An American professor of Nicaraguan descent spending the summer in his parents' homeland learns of Adela's murder and vows to unravel the threads of the mystery. He begins the painstaking process of interviewing the townspeople, and it quickly becomes apparent that Adela, a hard-working campesina who never learned to read and write, and Don Roque had one thing in common: the beautiful Ixelia Cruz. The love of Adela's life, Ixelia was one of Don Roque's many possessions until Adela lured her away. The interviews with Adela's family, neighbors, and former lovers shed light on the circumstances of her death and reveal the lively community left reeling by her brutal murder... More?
In 1980, with the Sandinistas newly in power, tailor and pig farmer Bernardo Martinez witnesses an extraordinary thing: an otherworldly glow about the statue of the Virgin Mary in the church where he works as sacristán. Soon the Holy Virgin appears. She tells Bernardo to forget his money problems and fear of ridicule and spread her message of peace and faith to his neighbors. Though a work of fiction, Bernardo and the Virgin is based on actual events in Bernardo Martinez's life. The visitation of the Virgin Mary at Cuapa, Nicaragua, remains one of the few such events accepted by the Roman Catholic Church in the last sixty years... More?
Love Made Visible: Reflections on Writing, Teaching, and Other Distractions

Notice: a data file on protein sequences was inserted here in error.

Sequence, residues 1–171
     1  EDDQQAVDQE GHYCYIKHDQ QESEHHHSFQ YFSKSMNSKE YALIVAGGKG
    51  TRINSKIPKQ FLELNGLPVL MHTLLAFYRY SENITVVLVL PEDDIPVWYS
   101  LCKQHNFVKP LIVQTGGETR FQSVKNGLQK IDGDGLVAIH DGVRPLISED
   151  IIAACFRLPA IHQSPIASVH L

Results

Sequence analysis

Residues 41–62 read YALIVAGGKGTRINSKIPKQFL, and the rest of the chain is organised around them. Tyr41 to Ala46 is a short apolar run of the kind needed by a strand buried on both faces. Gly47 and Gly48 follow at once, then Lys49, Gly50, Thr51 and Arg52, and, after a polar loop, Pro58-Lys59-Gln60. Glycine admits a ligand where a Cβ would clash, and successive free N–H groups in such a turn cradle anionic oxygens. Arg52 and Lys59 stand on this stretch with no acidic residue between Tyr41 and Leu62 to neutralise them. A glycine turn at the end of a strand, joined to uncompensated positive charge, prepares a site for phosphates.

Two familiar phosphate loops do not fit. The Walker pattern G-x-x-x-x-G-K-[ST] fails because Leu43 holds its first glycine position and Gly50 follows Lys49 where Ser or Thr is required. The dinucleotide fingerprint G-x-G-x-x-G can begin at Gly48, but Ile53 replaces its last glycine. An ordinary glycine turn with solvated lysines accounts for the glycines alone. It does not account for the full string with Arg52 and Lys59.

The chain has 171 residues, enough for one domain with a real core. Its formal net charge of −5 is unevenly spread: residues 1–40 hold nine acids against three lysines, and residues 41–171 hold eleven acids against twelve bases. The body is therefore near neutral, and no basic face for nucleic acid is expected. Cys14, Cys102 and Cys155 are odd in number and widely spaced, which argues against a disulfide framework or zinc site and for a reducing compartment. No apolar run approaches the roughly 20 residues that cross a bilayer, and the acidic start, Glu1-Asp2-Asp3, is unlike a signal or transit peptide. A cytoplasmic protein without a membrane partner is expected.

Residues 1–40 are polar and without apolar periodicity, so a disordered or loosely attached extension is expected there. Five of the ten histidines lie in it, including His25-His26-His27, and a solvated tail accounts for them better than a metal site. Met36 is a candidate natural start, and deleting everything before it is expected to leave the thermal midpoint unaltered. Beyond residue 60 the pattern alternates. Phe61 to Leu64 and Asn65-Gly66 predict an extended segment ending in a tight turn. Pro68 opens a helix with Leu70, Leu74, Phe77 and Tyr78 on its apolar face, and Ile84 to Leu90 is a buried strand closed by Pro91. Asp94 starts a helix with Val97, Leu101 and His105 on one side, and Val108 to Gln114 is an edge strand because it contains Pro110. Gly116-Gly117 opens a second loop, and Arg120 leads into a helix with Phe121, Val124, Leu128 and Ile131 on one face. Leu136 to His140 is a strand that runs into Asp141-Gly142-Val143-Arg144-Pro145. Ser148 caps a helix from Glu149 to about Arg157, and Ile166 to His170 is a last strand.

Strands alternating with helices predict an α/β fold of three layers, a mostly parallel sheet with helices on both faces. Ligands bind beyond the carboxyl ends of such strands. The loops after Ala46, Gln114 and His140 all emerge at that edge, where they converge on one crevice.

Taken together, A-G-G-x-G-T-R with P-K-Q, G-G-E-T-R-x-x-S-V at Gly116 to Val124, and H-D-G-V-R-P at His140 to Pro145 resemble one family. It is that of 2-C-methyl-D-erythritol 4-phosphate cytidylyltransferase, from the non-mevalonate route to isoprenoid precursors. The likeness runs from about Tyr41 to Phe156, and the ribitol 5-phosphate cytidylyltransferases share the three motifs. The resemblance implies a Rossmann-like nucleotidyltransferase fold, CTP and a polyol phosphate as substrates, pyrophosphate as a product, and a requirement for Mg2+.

Julia Alvarez made her mark on the American literary horizon with the 1991 publication of her debut novel How the Garcia Girls Lost Their Accents, a story based on her own family's bicultural experiences. This Critical Companion introduces readers to the life and works of Dominican American writer Alvarez and examines the thematic and cultural concerns that run through her novels... More?
Conversations With Rudolfo Anaya (Literary Conversations Series)
Edition: Paperback (256 pages)
Publisher: University Press of Mississippi (November 1, 1998)
Tropical Town and Other Poems (Recovering the US Hispanic Literary Heritage)
Poetry. "The Nicaraguan-born poet Salomon de la Selva poses a unique and fascinating case in the recovery of U.S. Hispanic literature. The challenge of studying de la Selva's first published collection of poetry, TROPICAL TOWN AND OTHER POEMS, arises as soon as we attempt to trace its literary lineage... TROPICAL TOWN represents the first English-language collection of poetry by a Hispanic writer in the United Sates -- a fact unknown to most scholars and students of Hispanic-American literature... More?